Monument Valley is best known as the backdrop to many well-known Western films. It is a region of the Colorado Plateau defined by a cluster of huge sandstone buttes, the largest measuring 300 m (~984 ft) above the valley floor. The location is on the Arizona-Utah state line, within the Navajo Nation.
The area boasts a large amount of flora including yucca, juniper trees, Russian thistle (Tumbleweed) and Navajo Tea. Many of the plants are still used by the Navajos as dyes and for medicinal purposes.
Monument Valley charges a fee for access to the loop road through the valley. The road is open 6 AM - 8:30 PM in the summer (May - Sep) and 8 AM - 4:30 PM in the winter (Oct - Apr). Visitors who would like to hike in the valley or to go to sites not on the loop road must hire a Navajo guide for an extra fee.
Within the park, you can see evidence of its long history, with archaeological evidence indicating that the ancient Anasazi people lived in the valley until AD 1300. Over 100 ruins and sites, including rock art, have been found dating from the culture. The area was empty of human habitation after they left, until the arrival of the Navajos.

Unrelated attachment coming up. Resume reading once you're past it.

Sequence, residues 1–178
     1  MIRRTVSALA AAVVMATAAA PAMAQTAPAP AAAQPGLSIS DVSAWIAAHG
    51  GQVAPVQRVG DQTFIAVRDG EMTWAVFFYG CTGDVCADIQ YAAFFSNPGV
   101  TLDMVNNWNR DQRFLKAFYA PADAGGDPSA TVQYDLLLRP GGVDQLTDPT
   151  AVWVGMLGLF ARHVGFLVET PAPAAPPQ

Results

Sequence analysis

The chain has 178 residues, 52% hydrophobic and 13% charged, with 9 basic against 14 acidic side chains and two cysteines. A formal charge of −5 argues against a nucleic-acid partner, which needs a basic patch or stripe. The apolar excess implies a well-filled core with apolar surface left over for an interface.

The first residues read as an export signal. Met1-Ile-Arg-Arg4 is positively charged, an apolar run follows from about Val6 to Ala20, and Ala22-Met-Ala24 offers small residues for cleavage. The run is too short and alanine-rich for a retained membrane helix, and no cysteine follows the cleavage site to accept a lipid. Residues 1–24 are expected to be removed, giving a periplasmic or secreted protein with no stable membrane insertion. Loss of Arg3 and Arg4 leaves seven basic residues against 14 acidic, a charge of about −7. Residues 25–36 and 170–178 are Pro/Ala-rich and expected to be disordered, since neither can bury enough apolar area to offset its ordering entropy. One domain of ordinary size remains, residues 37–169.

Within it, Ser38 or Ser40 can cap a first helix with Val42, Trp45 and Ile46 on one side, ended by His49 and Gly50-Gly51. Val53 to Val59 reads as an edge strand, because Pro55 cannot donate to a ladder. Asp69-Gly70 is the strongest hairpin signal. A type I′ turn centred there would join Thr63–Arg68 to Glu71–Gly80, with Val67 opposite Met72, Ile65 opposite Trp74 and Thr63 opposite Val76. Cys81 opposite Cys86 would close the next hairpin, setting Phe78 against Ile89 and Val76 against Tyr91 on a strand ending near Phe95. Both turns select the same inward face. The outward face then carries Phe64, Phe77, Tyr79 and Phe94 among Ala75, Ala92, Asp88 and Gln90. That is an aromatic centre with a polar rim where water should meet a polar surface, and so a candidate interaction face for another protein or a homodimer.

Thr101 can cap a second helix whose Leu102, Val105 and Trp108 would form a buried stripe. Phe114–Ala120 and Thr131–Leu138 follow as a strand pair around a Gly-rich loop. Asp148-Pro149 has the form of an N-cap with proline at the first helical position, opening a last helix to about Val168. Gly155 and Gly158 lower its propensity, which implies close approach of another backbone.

Most of Monument Valley’s most popular locations are found inside the Monument Valley Navajo Tribal Park. At the border of the valley, there is a visitor center, a small shop and a restaurant specializing in both native Navajo and American cooking. Horse-riding is a convenient way to explore the park; hot air balloon flights are available May 1 through October 31; and small airplane flights can sometimes be arranged.
Dangers in the valley are few, but visitors should avoid reaching under rocks, bushes or ledges because of dangers from spiders, rattlesnakes, and scorpions.